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Is Labour's railway plan an election winner? Watch

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  • View Poll Results: Is Labour's railway plan an election winner?
    Yes
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    40.63%
    No
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    59.38%

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    I think that this will be more popular with people who do not regularly travel by train.

    Milliband has been lured into a false sense of security over this policy because in many ways the East Coast line is the premier line.

    There are really two issues. The first is whether the relatively few contractors will be willing to bid against his state owned entity. If they say the process is rigged, there will be a heavy political price.

    Secondly, he will not remember the days when the Transport Secretary used to have explain away every late train or curled sandwich any MP chose to raise.
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    (Original post by zippity.doodah)
    I still don't quite understand why that means I have to pay for them? private businesses are essential for our economy, sure, but that wouldn't justify a public bailout if they fail, and it's the same sentiment here
    It is the state's responsibility to maintain infrastructure. The railways are part of our infrastructure, just like roads, schools and hospitals. I presume you don't oppose state funding of the above services?

    I don't think you realise how fundamental railways are to our economy. They are not just any old private business, like a supermarket or a bank.
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    (Original post by #Ridwan)
    It is the state's responsibility to maintain infrastructure. The railways are part of our infrastructure, just like roads, schools and hospitals. I presume you don't oppose state funding of the above services?

    I don't think you realise how fundamental railways are to our economy. They are not just any old private business, like a supermarket or a bank.
    I am, actually
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    (Original post by zippity.doodah)
    I am, actually
    You oppose state funding of roads? I can sympathise (sort of) with not wanting the state to fund schools and hospitals (though I don't agree with that position myself), but zero state funding of roads is totally unfeasible. Roads are hideously expensive to build and you'll never acquire sufficient private funding for them.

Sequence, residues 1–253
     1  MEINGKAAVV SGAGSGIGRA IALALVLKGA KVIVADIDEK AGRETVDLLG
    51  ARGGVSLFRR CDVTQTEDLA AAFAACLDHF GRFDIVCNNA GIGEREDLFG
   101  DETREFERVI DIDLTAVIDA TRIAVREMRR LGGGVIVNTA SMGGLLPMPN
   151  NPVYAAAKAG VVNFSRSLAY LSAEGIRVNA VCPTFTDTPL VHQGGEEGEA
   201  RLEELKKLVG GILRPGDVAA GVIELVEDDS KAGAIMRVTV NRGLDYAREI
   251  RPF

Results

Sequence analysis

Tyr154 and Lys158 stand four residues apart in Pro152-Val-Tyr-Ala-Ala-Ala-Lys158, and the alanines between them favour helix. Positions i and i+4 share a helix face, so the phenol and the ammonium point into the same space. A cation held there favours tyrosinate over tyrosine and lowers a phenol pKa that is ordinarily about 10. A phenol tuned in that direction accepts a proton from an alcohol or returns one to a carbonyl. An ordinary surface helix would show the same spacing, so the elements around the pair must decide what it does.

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    (Original post by #Ridwan)
    You oppose state funding of roads? I can sympathise (sort of) with not wanting the state to fund schools and hospitals (though I don't agree with that position myself), but zero state funding of roads is totally unfeasible. Roads are hideously expensive to build and you'll never acquire sufficient private funding for them.
    if expensive private schools can exist, how can private roads not exist?
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    (Original post by zippity.doodah)
    if expensive private schools can exist, how can private roads not exist?
    People will voluntarily pay for their children to attend private schools. They won't voluntarily pay for the huge costs of building and maintaining the road network. Only taxation can fund road building. Even the USA would never not build roads using anything other than public funds.
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    (Original post by #Ridwan)
    People will voluntarily pay for their children to attend private schools. They won't voluntarily pay for the huge costs of building and maintaining the road network. Only taxation can fund road building. Even the USA would never not build roads using anything other than public funds.
    ever heard of toll roads?
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    (Original post by zippity.doodah)
    ever heard of toll roads?
    You really think every road should be a toll road?
    Shall I give you some time to think of the consequences of that?
    I shall start you off with one - the cost of pretty much every physical item you buy would go up to pay for the massively increased costs involved with transporting the item.
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    (Original post by SocialistIC)
    It is quite popular - even fairly right-wing people like Peter Hitchens believe in re-nationalisation of the railways - so it may well be an election winner. I'd personally prefer worker-ownership to state-ownership.
    One can dream :moon:

    (Original post by zippity.doodah)
    ever heard of toll roads?
    I would hate to live in your desired society.

    (Original post by zippity.doodah)
    I still don't quite understand why that means I have to pay for them? private businesses are essential for our economy, sure, but that wouldn't justify a public bailout if they fail, and it's the same sentiment here
    They do if them failing would smash the game board.
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    (Original post by WelshBluebird)
    You really think every road should be a toll road?
    Shall I give you some time to think of the consequences of that?
    I shall start you off with one - the cost of pretty much every physical item you buy would go up to pay for the massively increased costs involved with transporting the item.
    oh and I suppose these roads are built for free in this society, because the government has a magic money-making tree and they're absolute angels so they've decided to built them as a charity for us. wow.
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    (Original post by ChaoticButterfly)
    One can dream :moon:



    I would hate to live in your desired society.



    They do if them failing would smash the game board.
    "they do"? they do what?
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    (Original post by zippity.doodah)
    oh and I suppose these roads are built for free in this society, because the government has a magic money-making tree and they're absolute angels so they've decided to built them as a charity for us. wow.
    What does this even mean? I can't understand what you're saying at all, it doesn't even work as a reply to the person before you!?